Mistakes we have all made

Assist contractor in getting ready. Could become norm, must be careful.

Assuming the site will be ready despite previous experience with particular contractor.

Change orders can be reasons for losing money.  I may go home with more money after the job is complete but often change orders mess up the flow and hourly profits go down. Often I will say I just want to get the work I have been contracted to do finished first and then I can think about additional work.

Just being busy does not mean I am making money.  Until I started doing the math I just figured as long as I am busy for my 9 or 10 hr day and making progress what’s the big deal. But I know that if I can come in and get all the drywall hung and then clean up the site and then tape all the drywall, I am working in the most productive manner. If I am switching from hanging to taping and back to hanging and then moving someone else’s tools out of the way or working around another contractor and their tools, I can stay real busy but of course I am not making as much profit.   After all time is money.

Of course I am writing about the building contractor’s role in the scheduling process, but this could just as easily be about the sub contractor who is unorganized and behind schedule or just completing part of a job. The inadequacies of one sub contractor on the job can affect everyone else’s bottom line.  Ultimately it is about the homeowner or finished quality which still has to be satisfied but at whose expense?    All in all timely Communication is the key!!!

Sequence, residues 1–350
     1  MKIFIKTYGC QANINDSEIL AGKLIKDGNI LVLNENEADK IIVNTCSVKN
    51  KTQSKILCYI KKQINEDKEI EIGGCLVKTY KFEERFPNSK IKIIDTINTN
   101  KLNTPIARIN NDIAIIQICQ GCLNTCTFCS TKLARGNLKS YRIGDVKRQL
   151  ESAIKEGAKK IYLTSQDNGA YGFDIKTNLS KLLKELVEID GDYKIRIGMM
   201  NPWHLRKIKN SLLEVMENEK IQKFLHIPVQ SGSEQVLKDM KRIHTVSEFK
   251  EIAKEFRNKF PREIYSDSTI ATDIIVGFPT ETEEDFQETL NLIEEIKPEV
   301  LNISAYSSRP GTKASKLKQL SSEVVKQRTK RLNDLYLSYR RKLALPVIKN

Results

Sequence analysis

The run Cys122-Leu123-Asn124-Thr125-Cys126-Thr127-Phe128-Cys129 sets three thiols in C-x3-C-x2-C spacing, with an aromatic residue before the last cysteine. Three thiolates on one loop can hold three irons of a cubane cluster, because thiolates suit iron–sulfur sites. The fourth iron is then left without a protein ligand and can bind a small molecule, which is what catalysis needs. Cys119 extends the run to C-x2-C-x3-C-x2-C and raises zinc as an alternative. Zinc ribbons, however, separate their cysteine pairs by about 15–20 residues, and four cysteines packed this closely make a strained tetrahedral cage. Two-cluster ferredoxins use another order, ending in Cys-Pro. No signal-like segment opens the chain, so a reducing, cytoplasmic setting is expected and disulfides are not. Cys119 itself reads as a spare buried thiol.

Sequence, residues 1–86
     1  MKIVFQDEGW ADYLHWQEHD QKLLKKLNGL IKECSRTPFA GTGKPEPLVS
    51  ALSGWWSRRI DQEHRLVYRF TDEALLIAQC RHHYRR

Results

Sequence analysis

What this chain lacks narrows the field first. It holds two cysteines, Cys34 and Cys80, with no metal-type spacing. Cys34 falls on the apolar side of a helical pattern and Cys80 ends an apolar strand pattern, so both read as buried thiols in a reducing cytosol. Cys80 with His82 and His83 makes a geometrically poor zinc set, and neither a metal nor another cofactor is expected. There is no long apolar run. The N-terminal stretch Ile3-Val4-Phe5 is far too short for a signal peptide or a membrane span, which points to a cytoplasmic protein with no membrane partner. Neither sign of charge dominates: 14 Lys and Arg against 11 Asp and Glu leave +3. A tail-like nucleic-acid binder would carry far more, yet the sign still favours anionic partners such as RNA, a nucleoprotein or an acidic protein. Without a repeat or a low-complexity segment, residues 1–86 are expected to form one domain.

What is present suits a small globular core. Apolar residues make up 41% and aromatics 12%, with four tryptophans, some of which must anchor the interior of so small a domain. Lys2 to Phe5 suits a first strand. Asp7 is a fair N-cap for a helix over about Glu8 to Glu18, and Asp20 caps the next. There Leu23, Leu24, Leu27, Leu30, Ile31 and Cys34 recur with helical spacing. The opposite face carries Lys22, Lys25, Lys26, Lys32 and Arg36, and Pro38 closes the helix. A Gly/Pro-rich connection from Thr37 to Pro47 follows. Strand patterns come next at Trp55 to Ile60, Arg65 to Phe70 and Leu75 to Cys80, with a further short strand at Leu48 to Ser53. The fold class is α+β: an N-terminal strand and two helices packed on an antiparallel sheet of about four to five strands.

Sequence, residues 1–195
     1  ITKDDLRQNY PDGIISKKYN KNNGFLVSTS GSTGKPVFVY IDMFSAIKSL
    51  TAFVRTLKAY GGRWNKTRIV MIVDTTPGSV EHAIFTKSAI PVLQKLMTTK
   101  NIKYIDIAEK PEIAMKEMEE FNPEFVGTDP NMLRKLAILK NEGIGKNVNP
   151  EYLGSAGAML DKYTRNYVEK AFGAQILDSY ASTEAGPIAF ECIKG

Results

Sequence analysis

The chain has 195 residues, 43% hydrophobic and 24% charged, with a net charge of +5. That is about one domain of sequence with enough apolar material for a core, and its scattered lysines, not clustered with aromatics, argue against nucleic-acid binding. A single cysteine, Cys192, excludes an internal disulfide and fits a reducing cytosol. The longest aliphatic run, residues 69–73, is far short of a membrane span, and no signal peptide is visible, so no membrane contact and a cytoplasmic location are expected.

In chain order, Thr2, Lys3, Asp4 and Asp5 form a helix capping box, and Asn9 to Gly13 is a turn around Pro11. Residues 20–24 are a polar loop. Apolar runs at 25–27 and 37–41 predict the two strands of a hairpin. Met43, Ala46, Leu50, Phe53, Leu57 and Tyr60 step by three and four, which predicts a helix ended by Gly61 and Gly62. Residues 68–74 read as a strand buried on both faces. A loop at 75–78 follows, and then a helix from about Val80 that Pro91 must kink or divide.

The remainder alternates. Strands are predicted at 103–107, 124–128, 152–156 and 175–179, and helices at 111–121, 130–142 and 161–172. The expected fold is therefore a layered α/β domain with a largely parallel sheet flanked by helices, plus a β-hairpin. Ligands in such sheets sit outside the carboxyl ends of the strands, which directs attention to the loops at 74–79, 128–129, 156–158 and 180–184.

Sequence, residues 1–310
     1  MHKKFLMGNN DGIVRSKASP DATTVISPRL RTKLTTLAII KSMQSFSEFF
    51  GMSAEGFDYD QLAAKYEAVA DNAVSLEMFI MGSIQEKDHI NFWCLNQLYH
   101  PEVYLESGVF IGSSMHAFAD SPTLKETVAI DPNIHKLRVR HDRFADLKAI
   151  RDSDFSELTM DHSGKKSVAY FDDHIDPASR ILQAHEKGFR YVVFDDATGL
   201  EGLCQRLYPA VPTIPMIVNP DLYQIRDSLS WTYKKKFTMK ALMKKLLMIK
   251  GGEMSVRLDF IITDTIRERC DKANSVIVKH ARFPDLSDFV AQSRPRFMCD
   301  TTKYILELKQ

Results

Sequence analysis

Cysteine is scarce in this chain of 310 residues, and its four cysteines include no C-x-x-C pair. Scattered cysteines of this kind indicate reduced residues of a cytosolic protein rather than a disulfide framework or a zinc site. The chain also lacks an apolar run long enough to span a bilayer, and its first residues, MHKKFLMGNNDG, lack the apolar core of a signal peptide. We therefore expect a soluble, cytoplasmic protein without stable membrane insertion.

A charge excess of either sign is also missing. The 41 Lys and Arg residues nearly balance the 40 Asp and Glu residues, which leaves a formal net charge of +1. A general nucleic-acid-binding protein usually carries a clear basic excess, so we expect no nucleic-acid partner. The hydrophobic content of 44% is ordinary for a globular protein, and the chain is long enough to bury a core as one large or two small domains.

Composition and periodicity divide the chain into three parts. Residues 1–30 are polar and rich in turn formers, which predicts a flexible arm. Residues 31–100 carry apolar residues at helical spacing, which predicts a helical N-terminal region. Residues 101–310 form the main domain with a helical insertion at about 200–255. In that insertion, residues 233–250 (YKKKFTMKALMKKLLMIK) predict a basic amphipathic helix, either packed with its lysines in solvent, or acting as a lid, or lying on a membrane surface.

1. This seems to be the norm these days. Poor scheduling, unrealistic deadlines. I have been through great runs over a few months where everything falls on line, and I’ve also been through the worst of it. Having to lay guys off when a huge job was supposed to fall. Like you say, if I could do this every day consistently there would not be so much frustration.

    • I guess that as long as at he end of the year you have made what you needed. Of course there is no doubt we could make more money or many better yet actually schedule some time off.
      Most of my work nowadays is for homeowners who I think are even more difficult. They don’t want to be inconvenienced at all if possible and at least at first are reluctant to leave you in their home without them being there. I did a job last summer where I had to hire an electrician to do just an hours worth of work.
      The schedules of all three of us the homeowner, myself and the electrician all had to fit. It took a month to actually get done and then the customer sent me a bad review for taking too long.

  2. After 24 years of being a drywall plaster sub, im not sure i can handle it much longer. I lose way more than i make , between false workers comp claims, unpaid change orders and uniiscened uninsured competition its just crazy.
    25 employees and im the last to get paid and the gc s could care less